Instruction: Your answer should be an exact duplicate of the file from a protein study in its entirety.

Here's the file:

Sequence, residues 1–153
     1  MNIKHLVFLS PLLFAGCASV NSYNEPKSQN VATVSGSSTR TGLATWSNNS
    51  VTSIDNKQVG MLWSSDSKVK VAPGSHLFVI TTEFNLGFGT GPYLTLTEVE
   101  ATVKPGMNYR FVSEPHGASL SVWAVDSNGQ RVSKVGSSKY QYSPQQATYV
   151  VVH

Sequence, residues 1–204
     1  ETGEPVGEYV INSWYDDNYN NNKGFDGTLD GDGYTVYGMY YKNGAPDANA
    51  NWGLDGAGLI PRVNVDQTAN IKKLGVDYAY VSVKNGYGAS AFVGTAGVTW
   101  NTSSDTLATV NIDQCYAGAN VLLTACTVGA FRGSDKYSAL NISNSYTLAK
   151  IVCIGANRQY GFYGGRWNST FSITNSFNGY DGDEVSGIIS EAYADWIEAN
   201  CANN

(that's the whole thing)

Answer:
Sequence, residues 1–153
     1  MNIKHLVFLS PLLFAGCASV NSYNEPKSQN VATVSGSSTR TGLATWSNNS
    51  VTSIDNKQVG MLWSSDSKVK VAPGSHLFVI TTEFNLGFGT GPYLTLTEVE
   101  ATVKPGMNYR FVSEPHGASL SVWAVDSNGQ RVSKVGSSKY QYSPQQATYV
   151  VVH

Sequence, residues 1–204
     1  ETGEPVGEYV INSWYDDNYN NNKGFDGTLD GDGYTVYGMY YKNGAPDANA
    51  NWGLDGAGLI PRVNVDQTAN IKKLGVDYAY VSVKNGYGAS AFVGTAGVTW
   101  NTSSDTLATV NIDQCYAGAN VLLTACTVGA FRGSDKYSAL NISNSYTLAK
   151  IVCIGANRQY GFYGGRWNST FSITNSFNGY DGDEVSGIIS EAYADWIEAN
   201  CANN